In Book xii of the Greek Anthology many of the old motifs of erotic poetry are applied to the love of boys. Among these motifs a form of the carpe diem calls our attention. Youth and the beloved's charms are there granted a very short span: the growth of hair marks the end of a boy's attraction. Of this basic idea we find numerous variations in over thirty epigrams, Hellenistic and late, not unlike those on the more general motif of fleeting youth. We shall group the poems and interpret them according to the variations of this motif.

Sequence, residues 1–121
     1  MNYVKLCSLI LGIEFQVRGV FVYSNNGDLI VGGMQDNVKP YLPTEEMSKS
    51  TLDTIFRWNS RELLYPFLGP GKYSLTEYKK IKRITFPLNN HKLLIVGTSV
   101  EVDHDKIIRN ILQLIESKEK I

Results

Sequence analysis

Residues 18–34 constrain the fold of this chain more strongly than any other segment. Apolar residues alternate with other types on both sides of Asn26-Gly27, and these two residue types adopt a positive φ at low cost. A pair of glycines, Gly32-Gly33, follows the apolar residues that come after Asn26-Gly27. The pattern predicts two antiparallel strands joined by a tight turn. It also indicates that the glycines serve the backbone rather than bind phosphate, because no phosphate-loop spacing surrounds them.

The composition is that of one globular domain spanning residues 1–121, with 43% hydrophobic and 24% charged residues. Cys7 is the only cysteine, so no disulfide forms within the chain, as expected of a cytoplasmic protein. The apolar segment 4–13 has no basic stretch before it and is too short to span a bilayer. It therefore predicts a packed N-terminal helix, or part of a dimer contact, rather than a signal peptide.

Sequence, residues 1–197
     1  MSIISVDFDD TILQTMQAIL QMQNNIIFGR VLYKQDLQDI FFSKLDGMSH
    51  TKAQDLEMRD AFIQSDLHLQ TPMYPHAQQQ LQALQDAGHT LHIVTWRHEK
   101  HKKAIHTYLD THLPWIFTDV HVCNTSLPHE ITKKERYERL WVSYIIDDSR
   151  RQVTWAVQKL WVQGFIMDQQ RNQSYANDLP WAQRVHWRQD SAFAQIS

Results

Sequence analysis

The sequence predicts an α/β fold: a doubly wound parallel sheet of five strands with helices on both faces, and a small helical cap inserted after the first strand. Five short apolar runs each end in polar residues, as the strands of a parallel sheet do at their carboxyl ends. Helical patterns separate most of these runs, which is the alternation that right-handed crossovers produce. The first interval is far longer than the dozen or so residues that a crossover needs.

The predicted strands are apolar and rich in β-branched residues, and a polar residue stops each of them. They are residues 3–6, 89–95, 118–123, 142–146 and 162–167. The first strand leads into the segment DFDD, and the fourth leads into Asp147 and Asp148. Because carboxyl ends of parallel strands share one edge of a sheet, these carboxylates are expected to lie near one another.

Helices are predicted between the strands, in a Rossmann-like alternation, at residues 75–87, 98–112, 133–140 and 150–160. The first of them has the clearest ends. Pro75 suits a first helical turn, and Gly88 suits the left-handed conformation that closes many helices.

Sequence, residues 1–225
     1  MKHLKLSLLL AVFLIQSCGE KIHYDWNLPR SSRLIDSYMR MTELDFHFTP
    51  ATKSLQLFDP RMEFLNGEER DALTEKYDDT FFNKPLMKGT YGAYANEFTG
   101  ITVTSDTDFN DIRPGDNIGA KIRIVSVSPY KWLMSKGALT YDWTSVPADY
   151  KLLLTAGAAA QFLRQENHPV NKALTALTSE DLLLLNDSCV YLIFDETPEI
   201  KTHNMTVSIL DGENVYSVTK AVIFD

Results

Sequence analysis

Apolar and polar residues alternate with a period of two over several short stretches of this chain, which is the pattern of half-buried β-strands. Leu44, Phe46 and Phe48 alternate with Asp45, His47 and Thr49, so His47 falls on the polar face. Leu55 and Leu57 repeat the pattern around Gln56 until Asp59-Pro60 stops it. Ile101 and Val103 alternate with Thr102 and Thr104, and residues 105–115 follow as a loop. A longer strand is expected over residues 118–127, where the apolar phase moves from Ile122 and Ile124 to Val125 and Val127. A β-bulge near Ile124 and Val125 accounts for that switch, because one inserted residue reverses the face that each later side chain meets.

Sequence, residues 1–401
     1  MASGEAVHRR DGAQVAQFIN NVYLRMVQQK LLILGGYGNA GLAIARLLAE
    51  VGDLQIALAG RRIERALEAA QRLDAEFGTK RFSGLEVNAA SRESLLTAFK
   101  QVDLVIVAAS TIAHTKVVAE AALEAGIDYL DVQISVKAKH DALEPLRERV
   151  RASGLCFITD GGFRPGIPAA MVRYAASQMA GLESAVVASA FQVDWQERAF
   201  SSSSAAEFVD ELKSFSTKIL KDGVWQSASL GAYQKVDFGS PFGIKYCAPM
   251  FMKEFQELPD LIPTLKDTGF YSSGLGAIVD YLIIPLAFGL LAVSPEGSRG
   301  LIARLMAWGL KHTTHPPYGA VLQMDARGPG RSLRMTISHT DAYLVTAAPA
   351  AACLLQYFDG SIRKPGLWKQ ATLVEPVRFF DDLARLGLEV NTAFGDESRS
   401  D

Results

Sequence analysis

The boy is now willing to love when it is too late: the hairs have come. The lover, whether by threats, warnings, or vaunts that it has happened, implicitly rejects the advances of the young man.
Ia. Our first epigram (Asclep. 46 = A.P. xii 36) is headed Ἀσκληπιάδου Ἀδραμυττήνου. If by Asclepiades of Samos it would be chronologically the first in our list. Yet the ascription is far from certain, and the choice of the epigram as our starting point is, therefore, arbitrary.